Here’s a list of rules for the GOP to consider if it wants to win another presidency in the 21st century, according to S.E. Cupp.
Excerpted from Townhall Magazine's February Closing Argument installment by S.E. Cupp (note: Excerpts of this column ran in the New York Daily News on Dec. 12,
Republicans still reeling from the November elections and fiscal cliff negotiations that left them with a bruising 43:1 ratio of revenue to the cuts they sought might be in the mood for some payback.
But before they prepare to go to the mattresses, it might behoove GOP leadership to take a moment to look inward. There’s a reason President Obama won re-election despite a sputtering economy and a failed record of broken promises. And, there’s a reason the Republican brand has suffered. It has little if nothing to do with our ideas: conservative values—like limited government, gun rights and life—are still very popular.
But if we want to win another presidency in the 21st century, I suggest we consider the following new rules going forward:
Democrats aren’t the Visigoths. We won’t attract voters by convincing them liberals are terrible people. Conservatism has an uplifting message that we need to articulate, explain and promote at every opportunity. And smile more often—voters will be far less terrified of us if we don’t look like we want to eat their children.
Banish the “O” word. Conservatives must stop explaining conservatism based on everything Obama is not. Our policies exist apart from the president and apart from Democrats. Let’s try to explain them without referencing the Left.
Disregard the shiny object. Celebrities are fun, sure. But they’re also, for the most part, morons. Clint Eastwood, Jon Voight and whomever else offers to help our cause will not be foisted on the American people as spokespeople for the movement. Except in very rare cases, they’re reckless, they’re unserious, and they’re bad communicators.
Don’t endorse stupid. The Todd Akins of the party cannot be coddled, excused or funded. Strong opinions on abortion, gay marriage and other social issues are welcome, but junk science is not.
Vet like we mean it. You don’t get to run for office (with the full support of the party) just because you exist. The party needs to vet candidates more thoroughly and with the express understanding that even small state campaigns are national opportunities.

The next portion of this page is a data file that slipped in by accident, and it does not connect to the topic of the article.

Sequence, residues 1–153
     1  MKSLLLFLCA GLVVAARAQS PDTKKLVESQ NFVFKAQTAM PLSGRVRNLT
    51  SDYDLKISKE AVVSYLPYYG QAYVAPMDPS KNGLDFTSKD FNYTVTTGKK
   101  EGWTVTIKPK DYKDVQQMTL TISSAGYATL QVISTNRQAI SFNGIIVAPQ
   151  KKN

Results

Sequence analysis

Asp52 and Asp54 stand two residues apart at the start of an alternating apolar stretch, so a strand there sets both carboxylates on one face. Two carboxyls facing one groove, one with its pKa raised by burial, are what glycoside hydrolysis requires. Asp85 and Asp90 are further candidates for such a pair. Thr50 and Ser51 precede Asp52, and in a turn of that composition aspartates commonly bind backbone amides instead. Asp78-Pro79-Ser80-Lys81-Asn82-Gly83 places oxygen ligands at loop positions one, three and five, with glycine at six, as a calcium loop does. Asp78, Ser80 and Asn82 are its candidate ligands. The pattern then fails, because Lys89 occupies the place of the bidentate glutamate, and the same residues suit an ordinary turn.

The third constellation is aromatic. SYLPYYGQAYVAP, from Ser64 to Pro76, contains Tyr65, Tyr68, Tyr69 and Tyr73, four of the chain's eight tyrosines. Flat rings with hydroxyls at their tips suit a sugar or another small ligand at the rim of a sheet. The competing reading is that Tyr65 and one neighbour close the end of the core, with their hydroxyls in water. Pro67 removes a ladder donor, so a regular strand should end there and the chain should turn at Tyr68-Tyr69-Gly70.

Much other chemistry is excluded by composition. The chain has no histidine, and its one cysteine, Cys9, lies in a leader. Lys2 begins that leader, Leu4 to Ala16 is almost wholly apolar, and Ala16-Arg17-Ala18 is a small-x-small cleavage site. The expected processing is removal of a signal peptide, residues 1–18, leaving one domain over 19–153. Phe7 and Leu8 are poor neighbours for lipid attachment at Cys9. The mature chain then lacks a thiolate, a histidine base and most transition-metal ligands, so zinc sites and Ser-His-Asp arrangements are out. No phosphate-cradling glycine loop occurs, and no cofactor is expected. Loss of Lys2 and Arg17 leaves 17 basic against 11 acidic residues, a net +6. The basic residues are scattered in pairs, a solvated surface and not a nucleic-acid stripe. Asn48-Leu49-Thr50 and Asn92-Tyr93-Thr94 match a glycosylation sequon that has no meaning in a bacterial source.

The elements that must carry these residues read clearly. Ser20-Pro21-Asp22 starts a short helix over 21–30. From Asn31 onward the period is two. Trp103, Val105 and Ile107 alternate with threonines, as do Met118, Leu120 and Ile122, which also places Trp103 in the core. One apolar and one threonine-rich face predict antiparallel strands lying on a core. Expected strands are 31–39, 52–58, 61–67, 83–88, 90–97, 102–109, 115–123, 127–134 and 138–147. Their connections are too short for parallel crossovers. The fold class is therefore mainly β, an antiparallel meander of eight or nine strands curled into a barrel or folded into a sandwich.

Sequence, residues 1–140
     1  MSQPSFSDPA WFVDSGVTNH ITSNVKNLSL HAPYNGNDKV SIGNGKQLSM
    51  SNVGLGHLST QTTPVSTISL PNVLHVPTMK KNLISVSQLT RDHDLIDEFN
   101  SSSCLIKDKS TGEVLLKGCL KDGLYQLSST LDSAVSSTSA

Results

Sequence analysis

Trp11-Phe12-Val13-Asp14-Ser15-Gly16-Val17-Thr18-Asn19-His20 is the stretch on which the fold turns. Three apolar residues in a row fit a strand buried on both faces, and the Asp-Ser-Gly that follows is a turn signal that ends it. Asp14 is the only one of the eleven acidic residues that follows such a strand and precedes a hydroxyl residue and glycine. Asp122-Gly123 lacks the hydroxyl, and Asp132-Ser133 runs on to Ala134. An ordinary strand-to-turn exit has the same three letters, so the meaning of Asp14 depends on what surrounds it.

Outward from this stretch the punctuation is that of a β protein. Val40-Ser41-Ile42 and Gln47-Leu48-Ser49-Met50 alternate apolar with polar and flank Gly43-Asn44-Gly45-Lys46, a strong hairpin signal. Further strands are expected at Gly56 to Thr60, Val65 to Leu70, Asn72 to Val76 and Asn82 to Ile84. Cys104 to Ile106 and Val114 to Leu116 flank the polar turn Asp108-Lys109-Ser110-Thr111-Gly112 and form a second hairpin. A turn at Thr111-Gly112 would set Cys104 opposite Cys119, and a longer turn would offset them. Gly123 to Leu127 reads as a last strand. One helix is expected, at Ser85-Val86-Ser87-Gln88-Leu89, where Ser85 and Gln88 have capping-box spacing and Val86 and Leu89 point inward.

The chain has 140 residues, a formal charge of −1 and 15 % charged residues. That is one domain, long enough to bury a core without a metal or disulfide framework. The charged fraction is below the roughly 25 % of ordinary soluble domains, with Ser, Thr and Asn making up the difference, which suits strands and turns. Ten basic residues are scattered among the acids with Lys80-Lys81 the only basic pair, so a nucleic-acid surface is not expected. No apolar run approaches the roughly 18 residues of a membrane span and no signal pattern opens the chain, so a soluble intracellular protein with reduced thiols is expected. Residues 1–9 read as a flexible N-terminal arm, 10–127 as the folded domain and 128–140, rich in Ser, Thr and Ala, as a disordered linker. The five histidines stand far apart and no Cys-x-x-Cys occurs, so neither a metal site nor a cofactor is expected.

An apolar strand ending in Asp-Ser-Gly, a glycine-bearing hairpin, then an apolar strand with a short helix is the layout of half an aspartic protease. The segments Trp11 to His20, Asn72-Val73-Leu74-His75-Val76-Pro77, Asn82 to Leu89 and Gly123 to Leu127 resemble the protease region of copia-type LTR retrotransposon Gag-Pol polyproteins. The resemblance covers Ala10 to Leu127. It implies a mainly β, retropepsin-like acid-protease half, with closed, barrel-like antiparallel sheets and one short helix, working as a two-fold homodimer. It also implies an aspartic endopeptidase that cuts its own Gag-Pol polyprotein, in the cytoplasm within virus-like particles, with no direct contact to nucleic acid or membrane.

Populate the airwaves. All of them. Conservatives can’t keep talking in a vacuum on Fox News and right-wing radio. We need fresh, new voices to articulate our messages on MSNBC, CNN, “The Daily Show,” Bill Maher, “The View” and everywhere else. Young, diverse thought leaders who are media savvy and watchable should be booked on unorthodox outlets, not just the ones deemed safe and friendly.
Get a new ruler. The question isn’t do we move further to the Right or toward the center. We need to represent both ends of the conservative spectrum and everything in between. We will not leave social conservatives without a party, nor will we kick the moderates and libertarians out. At every opportunity, we will gleefully boast to voters that we are an intellectually diverse coalition.
Show and Tell. (But mostly Show). It isn’t enough to merely tell people that conservative policies are better. We have to show them. We need to look for microcosmic examples of conservatism in action—a successful charter school; an entrepreneur with private-sector solutions to public-sector problems; a philanthropic group solving a community concern. These are our success stories. Make them famous.
Get out of the Beltway. The same tired, old establishment voices have been crafting party messaging for decades, and what worked 30 years ago may not work today. Step outside once in a while, leave D.C., invite younger thought leaders to the table and consider unorthodox ideas. (Unless they are Newt Gingrich’s.)
Do not malign aggrieved parties. Minorities, women, gays, immigrants and anyone else who didn’t vote for us this year aren’t the enemy. They’re opportunities. Calling them ignorant and lazy won’t endear them to us. Show them how conservative ideas can make their lives better, not how they are making our lives worse.
Unicorns aren’t real, but bipartisanship is. Treating agreement like it’s a mythical creature is an opportunity squandered. We should look for bipartisan solutions to poverty, education and immigration, and remember that solving problems is the point of politics. Political argument is not an end in itself.
These new rules might be painful to read, and they will be hard to implement, but our party made some serious missteps over the past four years. Let’s not repeat them.